This is the preliminary version of article, and it may contain mistakes,
because you see, I'm not a big expert in anatomy, and may have translated
the Russian terms incorrectly. Corrections are welcome.
The Unknown discovery by a Russian anatomist.
Since the time when people first tried
to understand the process of singing, it is used to consider vocal
cords as the main source for the singing sound. This is however wrong.
The contemporary singing school
teachings are based upon this wrong conception, and the article is
meant to present the contradicting discovery, made by a Russian
anatomist. It is not yet widely known fact, but the conclusion is that
the main source for a proper singing voice is the trachea, and bronchi.
The Russian anatomist Ilya Grusinov in
1812 discovered, that the actual source for a deep and pleasant sound
is the membrane, which is a posterior wall of trachea and bronchi.
Unfortunately, this discovery did not affect the way singers are taught
today, and we only left to wonder how many potential talents get lost.
Ilya Grusinov was anatomizing the dead
bodies during and after the war, and first described the audible
properties of the membrane. Blowing air through, he found it to produce
the sound, very similar to human voice. He describes this best himself:
"Anatomizing the dead bodies, by inflating the windpipe and stretching
the membranous posterior wall of trachea, I have managed to produce a
perfect vocal sound without engaging the vocal cords..." "Human
voice is formed in the chest - in the bottom end of the windpipe
(trachea), by means of the posterior membrane, attached to the
Again, for now the discovery is not
widely known, and did not find a generic application in the vocal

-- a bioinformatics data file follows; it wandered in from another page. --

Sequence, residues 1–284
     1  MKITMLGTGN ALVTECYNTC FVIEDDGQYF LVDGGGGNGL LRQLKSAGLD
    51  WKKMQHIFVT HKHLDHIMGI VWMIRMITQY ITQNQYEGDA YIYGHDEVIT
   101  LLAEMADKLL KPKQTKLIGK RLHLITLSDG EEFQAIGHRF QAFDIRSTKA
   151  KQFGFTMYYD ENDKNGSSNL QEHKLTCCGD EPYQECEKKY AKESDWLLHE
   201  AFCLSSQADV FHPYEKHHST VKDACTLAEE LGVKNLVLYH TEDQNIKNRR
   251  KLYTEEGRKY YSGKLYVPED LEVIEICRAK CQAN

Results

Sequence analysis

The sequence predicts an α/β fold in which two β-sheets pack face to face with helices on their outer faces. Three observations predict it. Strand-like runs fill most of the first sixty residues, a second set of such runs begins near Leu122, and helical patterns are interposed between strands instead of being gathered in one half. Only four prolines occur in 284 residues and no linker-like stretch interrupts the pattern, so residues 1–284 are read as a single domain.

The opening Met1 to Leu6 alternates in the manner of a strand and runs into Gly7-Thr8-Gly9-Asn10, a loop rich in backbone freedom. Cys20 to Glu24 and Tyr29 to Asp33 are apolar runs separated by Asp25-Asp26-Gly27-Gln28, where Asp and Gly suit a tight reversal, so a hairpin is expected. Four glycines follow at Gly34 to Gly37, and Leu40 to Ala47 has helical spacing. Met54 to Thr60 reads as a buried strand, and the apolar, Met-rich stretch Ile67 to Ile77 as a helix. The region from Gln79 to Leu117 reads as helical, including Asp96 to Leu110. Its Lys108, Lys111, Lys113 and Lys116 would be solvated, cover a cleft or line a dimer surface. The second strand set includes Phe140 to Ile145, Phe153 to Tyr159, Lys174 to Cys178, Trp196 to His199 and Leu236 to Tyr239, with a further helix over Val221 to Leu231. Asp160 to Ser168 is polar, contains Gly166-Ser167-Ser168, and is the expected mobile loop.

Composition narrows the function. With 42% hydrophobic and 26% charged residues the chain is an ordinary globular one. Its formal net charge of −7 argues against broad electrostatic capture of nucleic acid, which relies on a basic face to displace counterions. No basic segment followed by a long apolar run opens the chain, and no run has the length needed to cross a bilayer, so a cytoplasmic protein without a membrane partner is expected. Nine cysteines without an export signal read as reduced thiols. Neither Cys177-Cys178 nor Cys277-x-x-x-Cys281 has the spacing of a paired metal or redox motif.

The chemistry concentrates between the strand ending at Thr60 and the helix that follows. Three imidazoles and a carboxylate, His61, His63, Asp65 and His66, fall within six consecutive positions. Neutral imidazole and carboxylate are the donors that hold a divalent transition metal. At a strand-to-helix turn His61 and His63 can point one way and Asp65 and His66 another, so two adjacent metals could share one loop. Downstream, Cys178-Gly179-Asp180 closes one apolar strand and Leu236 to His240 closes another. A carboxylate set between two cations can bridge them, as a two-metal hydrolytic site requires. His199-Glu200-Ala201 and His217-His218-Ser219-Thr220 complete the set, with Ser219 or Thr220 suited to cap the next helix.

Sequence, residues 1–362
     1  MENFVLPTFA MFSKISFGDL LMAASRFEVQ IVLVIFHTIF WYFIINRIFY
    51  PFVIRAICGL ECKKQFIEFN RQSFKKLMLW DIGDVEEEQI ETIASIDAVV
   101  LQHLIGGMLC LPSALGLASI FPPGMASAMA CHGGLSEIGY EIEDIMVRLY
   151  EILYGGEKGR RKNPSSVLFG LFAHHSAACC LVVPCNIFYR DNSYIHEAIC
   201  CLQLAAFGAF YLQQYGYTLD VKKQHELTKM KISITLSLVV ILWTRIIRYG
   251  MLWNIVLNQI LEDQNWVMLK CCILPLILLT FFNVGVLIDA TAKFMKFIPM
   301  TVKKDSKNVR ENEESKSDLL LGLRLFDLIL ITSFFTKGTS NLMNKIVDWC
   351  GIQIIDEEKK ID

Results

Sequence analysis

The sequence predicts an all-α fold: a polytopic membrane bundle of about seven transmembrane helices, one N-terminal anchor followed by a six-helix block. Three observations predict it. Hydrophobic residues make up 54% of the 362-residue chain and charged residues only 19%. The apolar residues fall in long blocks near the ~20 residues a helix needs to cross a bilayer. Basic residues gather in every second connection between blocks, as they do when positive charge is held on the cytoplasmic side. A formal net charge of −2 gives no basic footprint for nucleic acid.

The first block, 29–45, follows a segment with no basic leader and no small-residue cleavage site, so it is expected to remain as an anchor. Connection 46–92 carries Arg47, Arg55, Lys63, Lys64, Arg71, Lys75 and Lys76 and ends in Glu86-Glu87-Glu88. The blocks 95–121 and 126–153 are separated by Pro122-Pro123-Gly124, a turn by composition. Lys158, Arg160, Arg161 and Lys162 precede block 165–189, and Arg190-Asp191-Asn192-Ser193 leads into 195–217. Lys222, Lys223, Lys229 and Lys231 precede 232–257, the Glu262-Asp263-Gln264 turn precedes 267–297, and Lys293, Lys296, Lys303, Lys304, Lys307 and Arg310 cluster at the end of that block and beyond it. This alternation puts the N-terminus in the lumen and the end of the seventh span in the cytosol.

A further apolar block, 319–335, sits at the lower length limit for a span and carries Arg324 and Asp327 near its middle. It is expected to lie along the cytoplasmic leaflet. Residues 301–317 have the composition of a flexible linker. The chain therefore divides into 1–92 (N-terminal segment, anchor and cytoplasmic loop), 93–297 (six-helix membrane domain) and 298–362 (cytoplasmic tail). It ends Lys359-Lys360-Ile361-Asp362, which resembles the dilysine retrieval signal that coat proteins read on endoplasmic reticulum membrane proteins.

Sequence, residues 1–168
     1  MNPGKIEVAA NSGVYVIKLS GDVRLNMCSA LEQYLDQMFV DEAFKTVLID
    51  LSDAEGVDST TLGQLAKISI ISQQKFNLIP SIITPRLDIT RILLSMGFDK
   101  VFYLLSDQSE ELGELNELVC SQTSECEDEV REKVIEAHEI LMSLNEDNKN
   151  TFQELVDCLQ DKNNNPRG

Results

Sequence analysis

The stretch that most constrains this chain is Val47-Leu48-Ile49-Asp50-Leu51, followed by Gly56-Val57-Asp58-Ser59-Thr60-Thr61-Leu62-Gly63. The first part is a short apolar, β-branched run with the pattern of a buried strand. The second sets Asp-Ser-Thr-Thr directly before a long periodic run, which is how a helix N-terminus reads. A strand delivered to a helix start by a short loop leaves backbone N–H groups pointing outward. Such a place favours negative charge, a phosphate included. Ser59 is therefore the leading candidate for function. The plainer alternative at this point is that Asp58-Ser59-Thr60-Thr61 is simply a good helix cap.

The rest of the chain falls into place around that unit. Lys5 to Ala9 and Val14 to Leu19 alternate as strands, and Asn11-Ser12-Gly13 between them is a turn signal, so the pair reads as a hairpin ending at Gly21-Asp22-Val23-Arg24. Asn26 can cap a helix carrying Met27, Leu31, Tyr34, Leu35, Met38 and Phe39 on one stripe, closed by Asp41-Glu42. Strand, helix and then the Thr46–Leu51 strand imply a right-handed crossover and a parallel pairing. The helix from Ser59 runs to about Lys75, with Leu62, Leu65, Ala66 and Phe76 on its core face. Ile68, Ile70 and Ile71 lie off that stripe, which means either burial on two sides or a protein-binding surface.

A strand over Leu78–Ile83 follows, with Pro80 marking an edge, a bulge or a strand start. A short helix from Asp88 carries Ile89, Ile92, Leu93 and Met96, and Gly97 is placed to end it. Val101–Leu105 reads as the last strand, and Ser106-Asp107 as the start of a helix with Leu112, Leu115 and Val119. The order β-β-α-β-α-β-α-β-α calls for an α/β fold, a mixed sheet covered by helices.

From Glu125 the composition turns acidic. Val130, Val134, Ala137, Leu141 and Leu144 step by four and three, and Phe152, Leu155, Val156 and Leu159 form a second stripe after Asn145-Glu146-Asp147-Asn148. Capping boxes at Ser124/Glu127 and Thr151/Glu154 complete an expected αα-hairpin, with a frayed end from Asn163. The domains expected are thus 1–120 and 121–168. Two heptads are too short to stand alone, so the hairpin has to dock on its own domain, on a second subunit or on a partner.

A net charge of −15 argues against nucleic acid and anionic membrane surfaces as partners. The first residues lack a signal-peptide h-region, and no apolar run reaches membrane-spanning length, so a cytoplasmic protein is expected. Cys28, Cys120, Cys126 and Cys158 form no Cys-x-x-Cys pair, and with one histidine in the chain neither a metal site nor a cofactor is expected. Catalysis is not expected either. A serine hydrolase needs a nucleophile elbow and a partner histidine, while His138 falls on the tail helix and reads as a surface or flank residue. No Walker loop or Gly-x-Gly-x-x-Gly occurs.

pedagogic. But instead, the singing teachers are building suppositions
and rough assumptions. Still such great singers as Shalyapin and Caruso
did understand the theory very well, and used it to gain the success in
In the 1930-ies a different scientist
L. Robotnov has set a hypothesis by considering the bronchial system to
play the most important role in the vocal formation. He also described
techniques on how singers may use breath effectively by minimizing
physical efforts and maximizing the resonance. As the author's
experience shows, considering the facts above, this is indeed the most
effective practical way to teach and study solo singing. The membrane
itself has a great capability, provided that it is used efficiently.
The great singers could sing as loud as 120-130dB, and we know, that
such volume is impossible to gain using vocal cords.
When the author first read about the
discoveries, he had an opportunity to visit the dissection-room and
carefully examine the tracheae and bronchi of several bodies. Between
VI and VII neck bones larynx transforms into trachea, and below,
trachea changes into the large bronchial tubes (left and right
bronchi). For different body constitutions, the length of tracheae may
vary from 3.5 to 6 inch, width varies from 0.5 to 1 inch. Large
bronchial tubes are asymmetrically going aside. The length of the right
bronchial tube is around 1 to 2 inch, and the left one is 1.5 to 2.5
inch. The membrane serves as the posterior wall of the stack, made of
arched cartilage rings. Its width varies from 0.5 to 1 inch.
By itself, the membrane consists of
plain elastic longitudinal and transverse muscle fibers. The inner
surface of trachea and bronchi is covered by a mucous layer that is
vaguely attached to cartilages. In spite of mucous layer being also
covered with by various glands, the membrane still has enough degree of
freedom to vibrate and form the sound. The large bronchial tubes later
are branching into median and minor bronchi.
Such structure provides the "organic"
organ tubes and elastic membrane muscle, sufficiently strong to produce
bright and resonating sound. It is also necessary to remark that in the
lower parts, those attached to the large bronchial tubes, the membrane
is much thicker and more solid.
The aim of an educated singer is to
learn how to control the vibrations of the membrane intentionally, by
adjusting the respiratory system.
and translated by George Yohng